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"For the first time, activists trying to hold private commemorations have been detained." On this edition of ST, we speak by phone with Eric Jay Dolin, the bestselling author and award-winning popular historian whose previous books include "Fur, Fortune, and Empire: The Epic History of the Fur Trade in America" and "Leviathan: The History of Whaling in America." Dolin's new book, which he discusses with us today, is "When America First Met China: An Exotic History of Tea, Drugs, and Money in the Age of Sail." On this Election Day, after so much stump-speech rhetoric concerning (among several other topics) "getting tough on China," we are taking the long view, so to speak, on thi In 1991, wildlife investigator J. Mills went to China to verify rumors about tiger farming.She worked undercover, for the World Wildlife Fund and an organization called Traffic."I mainly pretended I was a student of traditional Chinese medicine to try to figure out not only what was being traded, but why it was being traded," Mills tells NPR's Arun Rath.She says she found China's first tiger farm — complete with a hand-written ledgers filling up with orders for tiger bone.But such a belief is losing its charm in China today, leaving behind a vacuum in people’s lives, an emptiness. After the reform, China chose a path that emphasized economic growth.There is really not a trace of belief left in people’s hearts.That allows us to take a more active approach, and it’s quite apparent in our services. It brings China to the world, and the world to China.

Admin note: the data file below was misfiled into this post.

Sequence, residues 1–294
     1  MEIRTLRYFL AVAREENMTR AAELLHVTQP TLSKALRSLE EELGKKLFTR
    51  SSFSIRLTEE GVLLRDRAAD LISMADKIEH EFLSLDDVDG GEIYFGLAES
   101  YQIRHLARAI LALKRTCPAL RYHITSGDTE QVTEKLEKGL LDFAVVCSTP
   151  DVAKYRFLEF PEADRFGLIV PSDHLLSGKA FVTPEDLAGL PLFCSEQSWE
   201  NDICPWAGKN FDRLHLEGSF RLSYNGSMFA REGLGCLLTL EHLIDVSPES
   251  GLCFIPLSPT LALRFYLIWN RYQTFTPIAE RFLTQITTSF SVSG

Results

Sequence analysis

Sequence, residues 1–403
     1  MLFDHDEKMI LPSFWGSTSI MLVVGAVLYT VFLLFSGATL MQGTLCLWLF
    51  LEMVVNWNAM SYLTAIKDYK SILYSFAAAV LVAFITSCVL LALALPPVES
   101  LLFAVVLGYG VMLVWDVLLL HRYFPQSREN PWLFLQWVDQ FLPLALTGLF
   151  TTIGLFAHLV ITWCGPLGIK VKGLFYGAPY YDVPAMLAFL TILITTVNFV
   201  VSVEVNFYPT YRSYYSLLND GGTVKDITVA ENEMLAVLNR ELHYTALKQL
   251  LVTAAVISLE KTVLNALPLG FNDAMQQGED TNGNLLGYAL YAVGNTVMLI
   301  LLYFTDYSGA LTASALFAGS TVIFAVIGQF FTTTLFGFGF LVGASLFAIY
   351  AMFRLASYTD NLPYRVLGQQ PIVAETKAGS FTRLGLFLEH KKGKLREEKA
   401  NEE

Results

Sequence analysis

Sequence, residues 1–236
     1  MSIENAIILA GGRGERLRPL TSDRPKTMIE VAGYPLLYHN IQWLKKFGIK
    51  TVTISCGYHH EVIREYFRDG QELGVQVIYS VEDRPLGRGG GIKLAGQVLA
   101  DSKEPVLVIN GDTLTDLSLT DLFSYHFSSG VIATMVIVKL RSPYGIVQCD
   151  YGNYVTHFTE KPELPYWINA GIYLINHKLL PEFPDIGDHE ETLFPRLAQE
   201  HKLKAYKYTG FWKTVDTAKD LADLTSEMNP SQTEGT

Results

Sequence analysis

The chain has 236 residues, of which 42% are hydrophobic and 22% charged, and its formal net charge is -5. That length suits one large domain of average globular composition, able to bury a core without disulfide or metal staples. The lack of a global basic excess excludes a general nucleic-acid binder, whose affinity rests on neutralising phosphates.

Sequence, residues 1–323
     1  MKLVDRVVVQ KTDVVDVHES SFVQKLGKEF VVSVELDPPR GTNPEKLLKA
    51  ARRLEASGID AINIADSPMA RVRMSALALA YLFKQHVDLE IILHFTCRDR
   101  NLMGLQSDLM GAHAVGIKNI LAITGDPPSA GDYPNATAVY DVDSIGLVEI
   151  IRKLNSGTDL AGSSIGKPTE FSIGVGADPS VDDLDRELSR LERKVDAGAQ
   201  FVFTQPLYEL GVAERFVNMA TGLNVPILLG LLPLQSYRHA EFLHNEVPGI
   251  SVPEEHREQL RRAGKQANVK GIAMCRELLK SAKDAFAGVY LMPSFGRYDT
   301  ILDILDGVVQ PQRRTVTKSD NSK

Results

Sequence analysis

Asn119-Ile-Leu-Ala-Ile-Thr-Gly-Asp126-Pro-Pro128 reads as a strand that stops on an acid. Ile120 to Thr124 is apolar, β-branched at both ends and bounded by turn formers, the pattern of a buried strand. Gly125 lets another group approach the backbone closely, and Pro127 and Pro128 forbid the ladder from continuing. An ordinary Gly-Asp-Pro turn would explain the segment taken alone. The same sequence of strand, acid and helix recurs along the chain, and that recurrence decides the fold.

Most people are saying that all they have left is money. A: I’m just like all the young people in China today. In my third year, I experienced the events of Tiananmen Square.Churches that were once deemed illegal are now legal.Even if they aren’t legal, they are close to legal.This has made it possible for us to spread the words of Christ more aggressively.Another important reason is that China itself underwent tremendous changes in the past 30 years.